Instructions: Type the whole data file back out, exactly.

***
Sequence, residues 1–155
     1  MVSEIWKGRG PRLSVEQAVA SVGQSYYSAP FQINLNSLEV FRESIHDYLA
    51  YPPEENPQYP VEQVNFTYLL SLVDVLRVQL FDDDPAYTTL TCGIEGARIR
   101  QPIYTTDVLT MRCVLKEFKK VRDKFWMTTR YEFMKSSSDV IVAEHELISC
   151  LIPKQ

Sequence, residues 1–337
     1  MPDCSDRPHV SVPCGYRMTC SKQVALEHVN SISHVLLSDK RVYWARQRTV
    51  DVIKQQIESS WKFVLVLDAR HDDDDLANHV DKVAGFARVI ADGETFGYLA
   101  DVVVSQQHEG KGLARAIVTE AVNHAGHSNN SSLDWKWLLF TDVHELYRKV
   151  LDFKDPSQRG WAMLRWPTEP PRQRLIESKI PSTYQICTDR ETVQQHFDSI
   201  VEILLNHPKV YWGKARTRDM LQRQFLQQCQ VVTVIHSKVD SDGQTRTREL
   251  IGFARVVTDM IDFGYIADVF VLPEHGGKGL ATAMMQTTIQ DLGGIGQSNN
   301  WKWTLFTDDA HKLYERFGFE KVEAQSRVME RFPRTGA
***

Sequence, residues 1–155
     1  MVSEIWKGRG PRLSVEQAVA SVGQSYYSAP FQINLNSLEV FRESIHDYLA
    51  YPPEENPQYP VEQVNFTYLL SLVDVLRVQL FDDDPAYTTL TCGIEGARIR
   101  QPIYTTDVLT MRCVLKEFKK VRDKFWMTTR YEFMKSSSDV IVAEHELISC
   151  LIPKQ

Sequence, residues 1–337
     1  MPDCSDRPHV SVPCGYRMTC SKQVALEHVN SISHVLLSDK RVYWARQRTV
    51  DVIKQQIESS WKFVLVLDAR HDDDDLANHV DKVAGFARVI ADGETFGYLA
   101  DVVVSQQHEG KGLARAIVTE AVNHAGHSNN SSLDWKWLLF TDVHELYRKV
   151  LDFKDPSQRG WAMLRWPTEP PRQRLIESKI PSTYQICTDR ETVQQHFDSI
   201  VEILLNHPKV YWGKARTRDM LQRQFLQQCQ VVTVIHSKVD SDGQTRTREL
   251  IGFARVVTDM IDFGYIADVF VLPEHGGKGL ATAMMQTTIQ DLGGIGQSNN
   301  WKWTLFTDDA HKLYERFGFE KVEAQSRVME RFPRTGA